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K-State Engineering Professor to Lead Nearly $1M Community Project on Energy Resilience


By K-State News and Communication Services


MANHATTAN, Kan. — Bala Natarajan, Kansas State University engineering professor, will lead a nearly $1 million project funded by the U.S. Department of Energy aimed at developing an analysis and planning tool that will enhance community power grid resilience in Ford County.

Natarajan, professor in the Mike Wiegers Department of Electrical and Computer Engineering at K-State, will lead the two-year project, “Stakeholder-guided holistic, Adaptive Framework for enhancing community Energy Resilience (SAFER),” which involves nearly $800,000 in direct funding to the K-State team.

In addition to Natarajan, the team includes co-principal investigators George Amariucai, associate professor of computer science; Jason Bergtold, professor of agricultural economics; Anil Pahwa, university distinguished professor of electrical and computer engineering; and Marcellus Caldas, professor of geography and geospatial sciences. Additional funding from this award will go directly to the National Renewable Energy Laboratory.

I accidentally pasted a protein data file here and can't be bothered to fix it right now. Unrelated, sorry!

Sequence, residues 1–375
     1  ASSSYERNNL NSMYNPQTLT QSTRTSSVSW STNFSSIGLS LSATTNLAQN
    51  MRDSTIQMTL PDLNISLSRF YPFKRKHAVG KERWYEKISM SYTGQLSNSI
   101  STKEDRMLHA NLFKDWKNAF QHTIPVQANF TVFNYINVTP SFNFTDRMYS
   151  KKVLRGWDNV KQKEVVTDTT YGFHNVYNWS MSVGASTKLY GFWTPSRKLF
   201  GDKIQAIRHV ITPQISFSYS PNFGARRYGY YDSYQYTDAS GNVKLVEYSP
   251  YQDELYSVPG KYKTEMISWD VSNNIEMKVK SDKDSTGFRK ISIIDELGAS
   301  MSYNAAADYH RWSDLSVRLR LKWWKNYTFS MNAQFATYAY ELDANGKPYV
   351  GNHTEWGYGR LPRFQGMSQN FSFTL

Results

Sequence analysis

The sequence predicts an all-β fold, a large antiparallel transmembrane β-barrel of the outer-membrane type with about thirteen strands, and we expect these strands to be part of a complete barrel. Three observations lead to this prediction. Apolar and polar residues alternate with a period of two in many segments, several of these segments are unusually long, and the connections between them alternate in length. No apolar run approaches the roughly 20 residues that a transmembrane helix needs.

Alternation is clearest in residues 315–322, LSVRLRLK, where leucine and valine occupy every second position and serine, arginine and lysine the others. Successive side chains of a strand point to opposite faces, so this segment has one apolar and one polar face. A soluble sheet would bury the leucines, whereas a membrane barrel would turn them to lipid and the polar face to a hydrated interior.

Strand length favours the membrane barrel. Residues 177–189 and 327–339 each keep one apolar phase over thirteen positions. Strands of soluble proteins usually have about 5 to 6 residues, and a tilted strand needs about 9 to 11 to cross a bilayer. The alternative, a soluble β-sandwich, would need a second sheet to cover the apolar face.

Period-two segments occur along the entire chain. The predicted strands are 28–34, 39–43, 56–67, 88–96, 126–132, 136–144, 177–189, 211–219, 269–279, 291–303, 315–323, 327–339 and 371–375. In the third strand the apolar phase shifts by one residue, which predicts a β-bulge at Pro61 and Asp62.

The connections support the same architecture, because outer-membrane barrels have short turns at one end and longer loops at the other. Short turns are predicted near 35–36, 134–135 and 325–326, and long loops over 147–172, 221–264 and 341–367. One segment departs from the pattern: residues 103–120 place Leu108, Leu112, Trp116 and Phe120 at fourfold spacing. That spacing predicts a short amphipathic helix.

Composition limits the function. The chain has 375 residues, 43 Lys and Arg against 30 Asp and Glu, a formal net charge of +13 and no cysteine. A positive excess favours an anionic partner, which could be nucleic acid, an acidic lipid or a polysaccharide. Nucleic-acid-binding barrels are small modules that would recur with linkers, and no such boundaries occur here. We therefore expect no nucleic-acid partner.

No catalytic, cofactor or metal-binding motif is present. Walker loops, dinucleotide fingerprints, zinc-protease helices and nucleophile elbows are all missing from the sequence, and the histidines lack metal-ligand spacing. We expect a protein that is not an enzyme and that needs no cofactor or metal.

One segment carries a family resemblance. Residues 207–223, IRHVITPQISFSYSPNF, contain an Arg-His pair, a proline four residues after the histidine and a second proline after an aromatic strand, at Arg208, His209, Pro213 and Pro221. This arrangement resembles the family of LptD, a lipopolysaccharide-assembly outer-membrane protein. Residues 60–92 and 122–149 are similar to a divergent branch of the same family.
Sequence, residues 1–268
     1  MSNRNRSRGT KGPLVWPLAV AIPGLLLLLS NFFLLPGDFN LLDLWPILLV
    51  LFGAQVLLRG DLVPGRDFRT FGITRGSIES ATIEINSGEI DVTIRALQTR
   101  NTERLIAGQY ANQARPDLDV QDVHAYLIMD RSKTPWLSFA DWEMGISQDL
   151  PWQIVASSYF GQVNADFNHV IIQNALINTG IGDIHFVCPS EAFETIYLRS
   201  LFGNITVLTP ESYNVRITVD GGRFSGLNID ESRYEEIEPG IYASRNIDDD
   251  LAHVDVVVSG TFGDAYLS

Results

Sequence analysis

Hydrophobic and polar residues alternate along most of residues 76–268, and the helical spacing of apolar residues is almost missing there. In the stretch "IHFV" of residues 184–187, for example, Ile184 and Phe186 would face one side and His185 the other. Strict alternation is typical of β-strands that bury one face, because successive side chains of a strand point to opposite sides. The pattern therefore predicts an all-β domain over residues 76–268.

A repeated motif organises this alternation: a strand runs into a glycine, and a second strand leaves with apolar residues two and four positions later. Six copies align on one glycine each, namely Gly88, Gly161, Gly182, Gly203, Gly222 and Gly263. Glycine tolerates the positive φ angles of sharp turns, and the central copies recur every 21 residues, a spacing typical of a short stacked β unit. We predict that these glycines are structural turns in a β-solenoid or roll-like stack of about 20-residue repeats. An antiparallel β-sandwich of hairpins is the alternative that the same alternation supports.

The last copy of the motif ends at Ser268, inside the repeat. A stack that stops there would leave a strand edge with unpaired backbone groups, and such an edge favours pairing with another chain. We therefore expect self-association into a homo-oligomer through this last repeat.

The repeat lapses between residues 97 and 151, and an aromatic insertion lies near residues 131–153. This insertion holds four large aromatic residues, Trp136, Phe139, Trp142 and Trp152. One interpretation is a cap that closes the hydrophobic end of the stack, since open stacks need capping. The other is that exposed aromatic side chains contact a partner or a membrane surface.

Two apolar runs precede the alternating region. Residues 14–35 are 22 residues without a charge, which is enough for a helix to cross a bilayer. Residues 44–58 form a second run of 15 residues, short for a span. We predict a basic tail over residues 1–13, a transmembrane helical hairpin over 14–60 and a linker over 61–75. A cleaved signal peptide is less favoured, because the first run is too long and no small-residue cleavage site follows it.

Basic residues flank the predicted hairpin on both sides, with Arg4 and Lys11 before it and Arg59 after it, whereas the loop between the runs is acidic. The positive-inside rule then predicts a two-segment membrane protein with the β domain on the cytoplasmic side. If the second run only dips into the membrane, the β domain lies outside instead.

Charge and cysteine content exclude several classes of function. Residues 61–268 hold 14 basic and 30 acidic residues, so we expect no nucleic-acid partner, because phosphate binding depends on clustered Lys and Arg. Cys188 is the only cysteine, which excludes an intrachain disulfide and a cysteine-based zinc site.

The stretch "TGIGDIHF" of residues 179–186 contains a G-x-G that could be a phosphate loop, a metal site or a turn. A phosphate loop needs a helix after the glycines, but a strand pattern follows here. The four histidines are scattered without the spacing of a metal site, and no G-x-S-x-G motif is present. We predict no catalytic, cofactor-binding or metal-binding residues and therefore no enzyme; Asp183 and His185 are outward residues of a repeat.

The project will examine the fundamental relationships between disasters, power grid resources, socioeconomics and energy burden in Ford County. Foundational research in holistic power grid resilience quantification and machine learning-based scalable resilience analysis will be accompanied by innovative approaches to determining optimal solar and battery deployments to enhance community resilience.

“The team will produce a resilience analysis and planning tool that can enhance the energy resilience of this community,” Natarajan said. “It will enable decision makers to evaluate solar-plus-storage investments that can lead to measurable impacts on resilience while also serving as a benchmark for other communities in Kansas and beyond.”

Natarajan holds the Clair N. Palmer and Sara M. Palmer Electrical Engineering Professorship and is a Steve Hsu keystone research scholar in the Carl R. Ice College of Engineering.